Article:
It’s not known, but researchers are starting to study the issue.
Vaccines are designed to activate your immune system, and some experts have wondered if that could temporarily disrupt menstrual cycles.
So far, reports of irregular bleeding have been anecdotal. And it’s hard to draw any links to the vaccines since changes could be the result of other factors including stress, diet and exercise habits. There’s also a lack of data tracking changes to menstrual cycles after vaccines in general.
If scientists do eventually find a link between the vaccine and short-term changes in bleeding, experts say that would be no reason to avoid getting vaccinated. “The benefits of taking the vaccine certainly way outweigh putting up with one heavy period, if indeed they’re related,” said Dr. Mary Jane Minkin, a gynecologist and a professor at the Yale University School of Medicine.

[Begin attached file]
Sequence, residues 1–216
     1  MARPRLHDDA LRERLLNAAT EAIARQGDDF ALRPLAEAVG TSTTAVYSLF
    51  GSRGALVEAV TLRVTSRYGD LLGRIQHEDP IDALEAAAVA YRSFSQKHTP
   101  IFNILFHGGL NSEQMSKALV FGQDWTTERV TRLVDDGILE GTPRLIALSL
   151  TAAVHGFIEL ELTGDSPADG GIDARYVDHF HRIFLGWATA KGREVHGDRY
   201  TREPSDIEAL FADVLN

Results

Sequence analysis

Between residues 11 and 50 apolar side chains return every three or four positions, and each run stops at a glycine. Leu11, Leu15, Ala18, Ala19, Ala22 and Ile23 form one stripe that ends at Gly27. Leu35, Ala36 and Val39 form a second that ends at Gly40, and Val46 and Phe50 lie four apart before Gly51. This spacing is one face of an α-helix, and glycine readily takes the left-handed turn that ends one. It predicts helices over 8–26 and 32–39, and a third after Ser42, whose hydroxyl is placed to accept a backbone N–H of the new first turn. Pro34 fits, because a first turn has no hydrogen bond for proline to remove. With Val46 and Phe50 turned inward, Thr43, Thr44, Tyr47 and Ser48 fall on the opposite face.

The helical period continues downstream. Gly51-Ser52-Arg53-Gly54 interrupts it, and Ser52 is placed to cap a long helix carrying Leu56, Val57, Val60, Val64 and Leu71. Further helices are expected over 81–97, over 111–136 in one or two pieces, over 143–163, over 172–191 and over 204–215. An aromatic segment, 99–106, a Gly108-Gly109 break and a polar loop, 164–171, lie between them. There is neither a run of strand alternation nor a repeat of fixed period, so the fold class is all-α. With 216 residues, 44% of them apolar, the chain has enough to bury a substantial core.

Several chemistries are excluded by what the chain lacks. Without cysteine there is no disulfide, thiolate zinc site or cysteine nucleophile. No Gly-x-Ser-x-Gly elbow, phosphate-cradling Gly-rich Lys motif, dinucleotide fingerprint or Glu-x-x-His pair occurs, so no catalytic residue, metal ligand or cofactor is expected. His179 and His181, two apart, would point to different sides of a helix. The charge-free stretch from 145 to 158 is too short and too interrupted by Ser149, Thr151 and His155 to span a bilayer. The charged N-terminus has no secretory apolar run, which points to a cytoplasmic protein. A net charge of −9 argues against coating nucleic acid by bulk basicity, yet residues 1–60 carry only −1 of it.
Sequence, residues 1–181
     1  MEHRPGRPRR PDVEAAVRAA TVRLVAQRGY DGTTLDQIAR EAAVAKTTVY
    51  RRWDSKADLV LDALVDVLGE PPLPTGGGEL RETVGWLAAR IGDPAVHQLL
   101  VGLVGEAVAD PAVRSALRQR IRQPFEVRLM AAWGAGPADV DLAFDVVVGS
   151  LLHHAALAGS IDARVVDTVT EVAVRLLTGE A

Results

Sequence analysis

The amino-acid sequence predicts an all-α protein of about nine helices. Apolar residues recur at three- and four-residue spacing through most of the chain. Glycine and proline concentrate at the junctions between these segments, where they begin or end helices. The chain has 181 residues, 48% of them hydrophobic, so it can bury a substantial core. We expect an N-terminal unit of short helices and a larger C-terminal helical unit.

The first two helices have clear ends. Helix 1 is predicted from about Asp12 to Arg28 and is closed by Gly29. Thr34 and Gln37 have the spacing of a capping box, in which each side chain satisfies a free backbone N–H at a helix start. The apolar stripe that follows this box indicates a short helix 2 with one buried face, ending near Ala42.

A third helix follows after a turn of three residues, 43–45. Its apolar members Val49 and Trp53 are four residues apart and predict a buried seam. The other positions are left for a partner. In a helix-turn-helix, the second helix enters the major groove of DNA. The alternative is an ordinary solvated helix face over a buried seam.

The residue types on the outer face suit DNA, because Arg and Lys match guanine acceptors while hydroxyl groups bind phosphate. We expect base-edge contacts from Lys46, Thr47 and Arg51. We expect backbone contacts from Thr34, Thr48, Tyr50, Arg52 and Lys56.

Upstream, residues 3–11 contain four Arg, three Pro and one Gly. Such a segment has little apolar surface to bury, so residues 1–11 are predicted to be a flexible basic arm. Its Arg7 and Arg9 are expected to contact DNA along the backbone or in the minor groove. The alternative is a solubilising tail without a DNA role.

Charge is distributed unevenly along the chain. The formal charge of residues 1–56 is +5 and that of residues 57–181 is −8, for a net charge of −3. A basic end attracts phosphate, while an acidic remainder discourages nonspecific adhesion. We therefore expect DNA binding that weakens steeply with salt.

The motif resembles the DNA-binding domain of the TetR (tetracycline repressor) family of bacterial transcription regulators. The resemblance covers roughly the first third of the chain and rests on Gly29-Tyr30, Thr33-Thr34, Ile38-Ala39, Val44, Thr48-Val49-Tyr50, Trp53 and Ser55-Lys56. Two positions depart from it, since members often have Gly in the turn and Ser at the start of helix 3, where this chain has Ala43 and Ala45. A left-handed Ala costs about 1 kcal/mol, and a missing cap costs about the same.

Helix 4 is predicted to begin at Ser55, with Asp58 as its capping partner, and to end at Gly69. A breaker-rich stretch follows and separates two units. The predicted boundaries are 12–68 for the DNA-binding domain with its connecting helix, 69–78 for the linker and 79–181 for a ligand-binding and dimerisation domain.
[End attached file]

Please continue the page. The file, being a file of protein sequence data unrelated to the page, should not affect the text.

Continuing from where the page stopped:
Researchers recently launched a survey to begin gathering data. The findings won’t determine whether there’s a relationship between COVID-19 vaccines and menstrual changes, but could help form the basis for further research, said Katharine Lee, one of the researchers, who is based at Washington University in St. Louis.
Dr. Jen Gunter, an obstetrician and gynecologist in the San Francisco Bay Area, said a link is possible, since the uterine lining, which is shed during menstruation, contains immune cells that help protect the uterus.
There’s no evidence that any vaccines, including COVID-19 vaccines, affect fertility, according to the U.S. Centers for Disease Control and Prevention and the American College of Obstetricians and Gynecologists.
The AP is answering your questions about the coronavirus in this series. Submit them at: FactCheck@AP.org. Read more:
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